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Abbots Langley machete attacker Che Ambe guilty of GBH

 Published on: 12th August 2019   |   By: Alex Pearson   |   Category: Uncategorized

A man who chopped a teenager’s hand off with a machete during an attack in Abbots Langley is to expect a long prison sentence next month. 

Today (Monday, August 12) at St Albans Crown Court Che Ambe, 21, from Watford, was found guilty of causing his victim grievous bodily harm with intent.

Judge Michael Kay QC adjourned the sentencing of Ambe until a report has been prepared to assess the danger he poses to the public.

He was remanded into custody and will be sentenced in September.

The jury also heard that seven months after the attack, the victim has nightmares about what happened.

His victim, 18-year-old Tyler Stevens, had been curled up on a grass verge trying to protect himself in Long Elms on the evening of Sunday, February 10 this year.

But Ambe showed no mercy as he struck the boy six or seven times with the weapon, with one blow completely severing his left hand.

After the attack the teenager fled in panic and his hand was later found in the street by a police officer.

Doctors tried to reattach it, but their efforts came to nothing. 

He now faces a lengthy prison term for the savage attack on his victim which left him with life changing injuries.

Prosecutor Simon Wilshere said the victim, who is now aged 19, was with a friend and making their way back to the friend’s house in Abbots Langley when a moped ridden by Che Ambe approached them.

Mr Wilshire also said all three knew each other and did not get on.

As soon as they saw Che Ambe, they started to run, but Tyler Stevens slipped.

Mr Wilshere said: “He got up and ran between two vans, but slipped again. He fell onto the grass verge. Che Ambe started attacking him with a machete or a similar weapon.

“He was hit some six or seven times as he was curled up on the ground, trying to defend himself.

“The attack was as brief as it was savage – one completely severed Tyler Steven’s left hand.”

Tyler Stevens did not realise his hand was severed until the attack stopped and Che Ambe fled, said the prosecutor.

The victim made his way to his friend’s house leaving his severed hand behind and the emergency services were called.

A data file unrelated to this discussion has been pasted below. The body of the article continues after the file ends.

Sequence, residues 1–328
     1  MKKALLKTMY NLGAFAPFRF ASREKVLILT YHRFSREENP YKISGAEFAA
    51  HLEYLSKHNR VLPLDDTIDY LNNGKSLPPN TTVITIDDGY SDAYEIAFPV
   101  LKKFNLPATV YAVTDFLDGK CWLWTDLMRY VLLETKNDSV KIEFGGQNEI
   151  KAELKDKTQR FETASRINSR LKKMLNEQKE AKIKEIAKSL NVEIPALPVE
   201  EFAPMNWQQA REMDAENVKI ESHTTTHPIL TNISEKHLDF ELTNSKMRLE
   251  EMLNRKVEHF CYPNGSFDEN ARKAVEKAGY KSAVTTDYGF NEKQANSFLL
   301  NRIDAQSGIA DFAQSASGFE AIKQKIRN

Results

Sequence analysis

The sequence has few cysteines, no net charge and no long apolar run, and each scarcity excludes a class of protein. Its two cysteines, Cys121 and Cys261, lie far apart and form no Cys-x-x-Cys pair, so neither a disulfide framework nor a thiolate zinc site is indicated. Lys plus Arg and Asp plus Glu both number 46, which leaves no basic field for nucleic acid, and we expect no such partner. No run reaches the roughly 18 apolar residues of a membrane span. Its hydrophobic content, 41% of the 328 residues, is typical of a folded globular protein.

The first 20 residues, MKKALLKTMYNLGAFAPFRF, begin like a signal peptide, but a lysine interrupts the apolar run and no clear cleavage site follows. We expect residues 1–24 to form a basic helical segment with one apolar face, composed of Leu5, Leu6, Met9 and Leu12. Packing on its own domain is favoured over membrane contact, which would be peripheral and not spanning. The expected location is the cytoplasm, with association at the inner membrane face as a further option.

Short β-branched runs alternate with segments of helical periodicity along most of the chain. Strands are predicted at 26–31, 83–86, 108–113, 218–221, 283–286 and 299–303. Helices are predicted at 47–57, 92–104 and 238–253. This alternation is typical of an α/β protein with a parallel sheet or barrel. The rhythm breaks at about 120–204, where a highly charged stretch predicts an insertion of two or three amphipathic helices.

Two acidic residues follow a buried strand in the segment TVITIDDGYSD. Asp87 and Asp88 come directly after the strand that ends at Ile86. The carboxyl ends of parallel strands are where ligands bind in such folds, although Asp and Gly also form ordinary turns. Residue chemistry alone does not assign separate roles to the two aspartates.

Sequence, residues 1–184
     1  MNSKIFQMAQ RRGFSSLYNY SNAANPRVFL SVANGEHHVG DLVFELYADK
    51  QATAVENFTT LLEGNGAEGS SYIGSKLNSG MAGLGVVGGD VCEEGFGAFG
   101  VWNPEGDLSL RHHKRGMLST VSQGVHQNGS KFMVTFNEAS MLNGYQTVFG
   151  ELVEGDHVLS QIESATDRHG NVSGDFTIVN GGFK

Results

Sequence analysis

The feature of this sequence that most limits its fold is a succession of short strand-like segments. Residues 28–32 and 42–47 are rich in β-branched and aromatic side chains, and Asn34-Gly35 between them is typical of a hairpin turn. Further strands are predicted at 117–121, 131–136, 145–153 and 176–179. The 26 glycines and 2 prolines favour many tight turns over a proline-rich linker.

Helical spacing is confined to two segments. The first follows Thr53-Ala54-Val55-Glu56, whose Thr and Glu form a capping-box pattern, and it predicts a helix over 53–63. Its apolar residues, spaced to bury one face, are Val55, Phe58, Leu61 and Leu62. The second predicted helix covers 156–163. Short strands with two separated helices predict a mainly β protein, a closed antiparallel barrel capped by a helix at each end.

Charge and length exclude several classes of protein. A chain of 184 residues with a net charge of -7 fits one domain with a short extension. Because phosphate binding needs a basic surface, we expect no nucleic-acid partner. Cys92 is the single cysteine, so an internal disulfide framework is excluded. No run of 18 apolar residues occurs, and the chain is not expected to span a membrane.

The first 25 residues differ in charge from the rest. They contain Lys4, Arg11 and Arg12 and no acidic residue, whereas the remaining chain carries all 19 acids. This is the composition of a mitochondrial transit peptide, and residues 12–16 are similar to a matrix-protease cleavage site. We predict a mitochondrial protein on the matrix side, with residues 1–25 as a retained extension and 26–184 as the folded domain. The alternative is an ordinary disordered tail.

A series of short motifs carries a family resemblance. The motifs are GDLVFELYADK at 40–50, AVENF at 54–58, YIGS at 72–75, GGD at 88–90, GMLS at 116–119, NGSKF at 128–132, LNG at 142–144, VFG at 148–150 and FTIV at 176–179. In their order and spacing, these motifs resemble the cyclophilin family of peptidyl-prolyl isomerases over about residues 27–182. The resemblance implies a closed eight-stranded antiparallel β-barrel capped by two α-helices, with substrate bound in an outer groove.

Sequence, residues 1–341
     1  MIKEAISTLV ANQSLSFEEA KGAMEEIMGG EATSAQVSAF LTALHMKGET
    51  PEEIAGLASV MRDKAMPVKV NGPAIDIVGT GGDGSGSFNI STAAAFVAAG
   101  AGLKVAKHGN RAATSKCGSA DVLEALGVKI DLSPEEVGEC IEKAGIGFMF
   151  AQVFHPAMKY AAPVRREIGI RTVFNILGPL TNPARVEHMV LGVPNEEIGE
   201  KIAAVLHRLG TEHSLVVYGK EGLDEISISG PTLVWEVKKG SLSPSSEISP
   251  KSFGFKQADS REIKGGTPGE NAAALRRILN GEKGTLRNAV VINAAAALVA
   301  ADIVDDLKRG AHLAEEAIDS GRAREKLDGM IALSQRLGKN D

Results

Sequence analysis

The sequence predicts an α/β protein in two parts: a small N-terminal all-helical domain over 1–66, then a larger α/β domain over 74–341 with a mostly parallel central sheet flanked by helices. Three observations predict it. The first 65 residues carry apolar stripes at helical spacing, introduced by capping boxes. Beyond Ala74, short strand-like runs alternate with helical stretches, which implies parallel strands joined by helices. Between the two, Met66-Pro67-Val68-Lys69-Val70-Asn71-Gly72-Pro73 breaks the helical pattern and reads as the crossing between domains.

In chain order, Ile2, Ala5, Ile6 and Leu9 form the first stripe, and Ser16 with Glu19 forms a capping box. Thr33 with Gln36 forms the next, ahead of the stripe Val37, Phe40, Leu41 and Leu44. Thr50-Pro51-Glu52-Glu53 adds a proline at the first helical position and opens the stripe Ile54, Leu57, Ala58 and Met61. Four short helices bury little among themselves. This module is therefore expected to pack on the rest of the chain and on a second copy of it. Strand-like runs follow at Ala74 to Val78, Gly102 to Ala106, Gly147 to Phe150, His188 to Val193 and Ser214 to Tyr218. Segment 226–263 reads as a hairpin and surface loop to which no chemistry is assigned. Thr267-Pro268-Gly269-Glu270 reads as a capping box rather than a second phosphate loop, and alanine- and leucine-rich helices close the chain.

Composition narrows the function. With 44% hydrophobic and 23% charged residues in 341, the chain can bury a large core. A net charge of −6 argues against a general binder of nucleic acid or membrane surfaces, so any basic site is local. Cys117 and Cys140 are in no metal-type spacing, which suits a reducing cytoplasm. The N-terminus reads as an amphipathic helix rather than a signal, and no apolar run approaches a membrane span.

A police officer found his hand on a grass verge. Another officer found a knife on the opposite side of the road.

This knife was not the one used to attack Tyler Stevens, but was one the victim said he was carrying for his own protection.

Tyler Stevens was to tell the police that the recovered knife must have fallen from the waistband of his trousers as his ran.

Che Ambe was spotted afterwards on a moped and was arrested after the police deployed a stinger, which punctured its tyres.

The prosecutor said that when questioned the next day, Che Ambe said he was not there.

But the jury was told that in a defence statement, he was claiming he acted in self-defence after Tyler Stevens produced a knife and waved it at him.

In a police interview played to the jury, Tyler Stevens said when he and his friend saw the defendant coming up to them on the moped, they ran.

“We just ran – I knew he was looking for us. It was for stuff I had been dragged into. It was nothing to do with me.”

When he slipped over on the grass verge, he said he could clearly see Che Ambe’s face in a motorcycle helmet, which had no visor.

He said: “I could see his face through the helmet. I can picture it.”

Asked to describe the attack, he said: “I thought I was going to die. It was a big long knife – he was hitting me constantly. It was a long knife. It was either a machete or a big sword thing.

“He hit me six or seven times.

“I don’t know why it stopped – maybe he saw my hand come off and thought that was too much.

“I was screaming.”

He said he made his way to his friend’s house. When the door was answered, he said: “Che’s chopped my hand off.”

Tyler Stevens said he suffered nightmares about the attack.

Ambe awaits his sentence in September. 

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